Newly-revived Iraqi railway a sign of progress and hope

FALLUJAH: The newly-revived railway between Baghdad and Fallujah snakes across the western Iraqi desert, through a landscape of burned-out tanks, abandoned cars and collapsed buildings.
For the last month, Captain Imed Hassun has taken pride in once again driving the route between the capital and the former IS stronghold.
“I didn’t think that a train would come back here again,” says Hassun, who has been a driver for 30 years but had until recently been redeployed elsewhere. While government forces expelled IS from Fallujah in 2016, the line still bears the scars of the group’s two-year occupation of the city and its environs, including mines it planted along the tracks.
Before the rise of IS, Hassun and his co-driver steered the Baghdad-Fallujah route during some of the most turbulent times in Iraq’s history.
They had even kept trains running during much of the combat between American forces and militia in the mid 2000s, and the sectarian clashes that preceded the rise of IS.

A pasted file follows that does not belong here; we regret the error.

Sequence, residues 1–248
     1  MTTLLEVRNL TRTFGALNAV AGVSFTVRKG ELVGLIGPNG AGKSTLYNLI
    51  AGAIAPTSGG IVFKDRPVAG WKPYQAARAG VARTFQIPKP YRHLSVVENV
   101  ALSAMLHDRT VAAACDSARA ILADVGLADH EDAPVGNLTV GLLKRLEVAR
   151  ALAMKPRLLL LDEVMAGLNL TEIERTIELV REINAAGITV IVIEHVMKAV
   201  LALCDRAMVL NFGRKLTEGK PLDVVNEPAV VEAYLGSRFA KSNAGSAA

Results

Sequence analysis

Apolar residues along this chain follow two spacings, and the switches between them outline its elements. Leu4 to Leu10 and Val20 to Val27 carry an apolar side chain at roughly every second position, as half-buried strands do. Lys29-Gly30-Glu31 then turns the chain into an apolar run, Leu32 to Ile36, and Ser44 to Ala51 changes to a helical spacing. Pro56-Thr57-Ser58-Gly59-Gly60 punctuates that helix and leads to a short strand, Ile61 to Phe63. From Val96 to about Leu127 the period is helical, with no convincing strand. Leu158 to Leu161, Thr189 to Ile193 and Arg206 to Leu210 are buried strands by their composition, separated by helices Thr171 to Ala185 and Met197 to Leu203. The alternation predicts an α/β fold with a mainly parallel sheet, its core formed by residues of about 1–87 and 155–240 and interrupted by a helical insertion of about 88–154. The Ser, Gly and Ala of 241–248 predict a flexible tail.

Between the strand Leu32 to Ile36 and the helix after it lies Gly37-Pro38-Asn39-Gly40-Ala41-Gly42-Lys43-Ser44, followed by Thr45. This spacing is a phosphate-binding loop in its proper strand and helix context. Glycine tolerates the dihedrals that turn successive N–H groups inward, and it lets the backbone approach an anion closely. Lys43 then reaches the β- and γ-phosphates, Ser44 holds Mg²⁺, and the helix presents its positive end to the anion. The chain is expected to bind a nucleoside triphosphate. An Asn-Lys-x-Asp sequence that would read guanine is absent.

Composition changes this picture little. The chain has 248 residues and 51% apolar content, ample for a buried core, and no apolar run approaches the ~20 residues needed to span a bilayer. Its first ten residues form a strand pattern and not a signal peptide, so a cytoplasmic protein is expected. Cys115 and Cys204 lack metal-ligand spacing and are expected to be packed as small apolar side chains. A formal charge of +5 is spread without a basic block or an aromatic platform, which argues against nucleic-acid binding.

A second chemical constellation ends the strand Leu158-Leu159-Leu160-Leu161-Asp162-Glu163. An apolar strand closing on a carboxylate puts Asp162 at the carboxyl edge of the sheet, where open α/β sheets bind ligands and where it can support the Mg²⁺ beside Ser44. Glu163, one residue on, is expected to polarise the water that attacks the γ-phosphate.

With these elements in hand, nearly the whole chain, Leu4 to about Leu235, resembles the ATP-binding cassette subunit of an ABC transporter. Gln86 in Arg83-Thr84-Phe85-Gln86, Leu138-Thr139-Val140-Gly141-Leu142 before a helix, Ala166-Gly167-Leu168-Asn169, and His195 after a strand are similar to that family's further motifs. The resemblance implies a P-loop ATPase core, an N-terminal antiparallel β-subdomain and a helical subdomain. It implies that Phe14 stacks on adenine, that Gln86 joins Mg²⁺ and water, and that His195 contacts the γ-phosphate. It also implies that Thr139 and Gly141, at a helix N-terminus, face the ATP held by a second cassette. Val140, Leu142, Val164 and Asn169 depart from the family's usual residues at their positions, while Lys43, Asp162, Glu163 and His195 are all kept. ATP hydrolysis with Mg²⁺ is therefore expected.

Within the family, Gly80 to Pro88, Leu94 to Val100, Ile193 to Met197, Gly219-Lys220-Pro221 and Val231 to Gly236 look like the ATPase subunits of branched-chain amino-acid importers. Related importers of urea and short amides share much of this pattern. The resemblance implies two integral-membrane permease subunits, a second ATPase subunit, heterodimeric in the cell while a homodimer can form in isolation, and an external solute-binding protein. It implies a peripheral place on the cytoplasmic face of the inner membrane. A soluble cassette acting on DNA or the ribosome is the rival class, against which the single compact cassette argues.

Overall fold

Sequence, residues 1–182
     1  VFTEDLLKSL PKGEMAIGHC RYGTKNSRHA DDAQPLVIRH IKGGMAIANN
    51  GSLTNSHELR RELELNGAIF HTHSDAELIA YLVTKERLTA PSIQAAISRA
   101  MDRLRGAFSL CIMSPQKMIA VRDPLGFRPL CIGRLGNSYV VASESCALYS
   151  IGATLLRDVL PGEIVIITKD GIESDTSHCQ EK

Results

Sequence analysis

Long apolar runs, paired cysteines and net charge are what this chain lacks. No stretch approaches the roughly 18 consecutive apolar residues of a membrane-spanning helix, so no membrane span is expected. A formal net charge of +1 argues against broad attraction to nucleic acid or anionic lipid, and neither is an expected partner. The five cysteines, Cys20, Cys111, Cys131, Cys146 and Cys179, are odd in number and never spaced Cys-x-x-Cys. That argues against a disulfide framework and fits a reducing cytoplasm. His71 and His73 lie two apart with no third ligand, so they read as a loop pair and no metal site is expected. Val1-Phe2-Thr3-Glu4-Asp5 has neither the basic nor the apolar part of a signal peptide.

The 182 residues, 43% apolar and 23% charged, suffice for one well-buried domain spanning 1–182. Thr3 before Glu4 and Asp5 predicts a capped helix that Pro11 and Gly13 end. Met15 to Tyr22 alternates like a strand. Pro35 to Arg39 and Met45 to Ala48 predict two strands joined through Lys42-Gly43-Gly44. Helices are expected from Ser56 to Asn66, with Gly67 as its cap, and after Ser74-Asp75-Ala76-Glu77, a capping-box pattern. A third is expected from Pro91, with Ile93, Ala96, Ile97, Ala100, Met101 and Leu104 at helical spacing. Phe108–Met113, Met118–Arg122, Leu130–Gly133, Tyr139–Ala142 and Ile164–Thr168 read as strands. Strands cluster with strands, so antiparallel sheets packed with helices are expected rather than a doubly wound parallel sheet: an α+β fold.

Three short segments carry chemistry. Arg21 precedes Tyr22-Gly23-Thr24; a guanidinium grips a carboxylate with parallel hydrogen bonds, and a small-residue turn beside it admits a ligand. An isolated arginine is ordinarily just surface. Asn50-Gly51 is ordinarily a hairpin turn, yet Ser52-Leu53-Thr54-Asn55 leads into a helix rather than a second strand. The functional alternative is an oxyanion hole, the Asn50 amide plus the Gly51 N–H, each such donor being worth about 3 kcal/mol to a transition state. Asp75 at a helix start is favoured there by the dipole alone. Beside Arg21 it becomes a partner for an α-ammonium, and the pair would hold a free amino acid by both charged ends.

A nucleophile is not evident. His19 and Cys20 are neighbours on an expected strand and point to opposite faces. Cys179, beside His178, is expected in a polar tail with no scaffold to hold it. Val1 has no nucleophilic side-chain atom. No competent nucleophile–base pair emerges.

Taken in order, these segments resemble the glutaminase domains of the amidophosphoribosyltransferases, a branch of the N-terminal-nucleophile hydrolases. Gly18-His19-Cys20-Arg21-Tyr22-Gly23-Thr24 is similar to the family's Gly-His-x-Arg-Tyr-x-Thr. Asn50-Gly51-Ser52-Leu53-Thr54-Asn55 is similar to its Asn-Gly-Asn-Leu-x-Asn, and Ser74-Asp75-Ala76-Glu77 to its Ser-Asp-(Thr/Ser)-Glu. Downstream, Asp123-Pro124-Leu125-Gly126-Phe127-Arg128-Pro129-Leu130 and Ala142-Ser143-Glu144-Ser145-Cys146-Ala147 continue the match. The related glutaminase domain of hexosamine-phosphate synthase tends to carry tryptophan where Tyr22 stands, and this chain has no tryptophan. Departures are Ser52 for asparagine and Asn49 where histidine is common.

But while happy to be back on this line, Hassun — clad in the marine blue and white uniform of Iraq’s railways — proceeds with caution. So far, he has successfully pushed his new Chinese-built diesel train to 100 km per hour.
But he dare not go faster, as the rails have only just been brought back into basic working service by a team of dedicated employees.
“When we started the work, people mocked us,” says Yussef Thabet, the chief railroad engineer in Fallujah.
“But as soon as the first convoy entered the station, people were forced to believe it — and now they demand more trains,” he adds. There remains much work to do.
Fallujah’s old station is still in ruins, replaced for now by a pre-fabricated structure and plastic chairs.
But for passengers, the revitalised line is a vital link to the capital and the only alternative to polluted and grid-locked roads. Road travel is frequently made even less appealing by security personnel forcing traffic into unexplained detours.
For years, medical student Ali Ahmad took the minibus every week to a university campus in Baghdad.
Now in his final year, he finds taking the train aids his study.
“I revise in an air-conditioned carriage for an hour and a half, without being plagued by cigarette smoke,” he says. In the cafe car, a screen displays the outside temperature at 43 degrees Celsius, and the train’s speed at 91 km per hour.
On the journey back from Baghdad, 28-year-old Sinan Majid has his hands full of boxes. He has bought clothes to stock his shop in Fallujah.
“With the train, we know the time of travel. And there is no delay,” Majid tells, sitting at a table with friends.
For Lamia Ahmed too, the train is a godsend. — AFP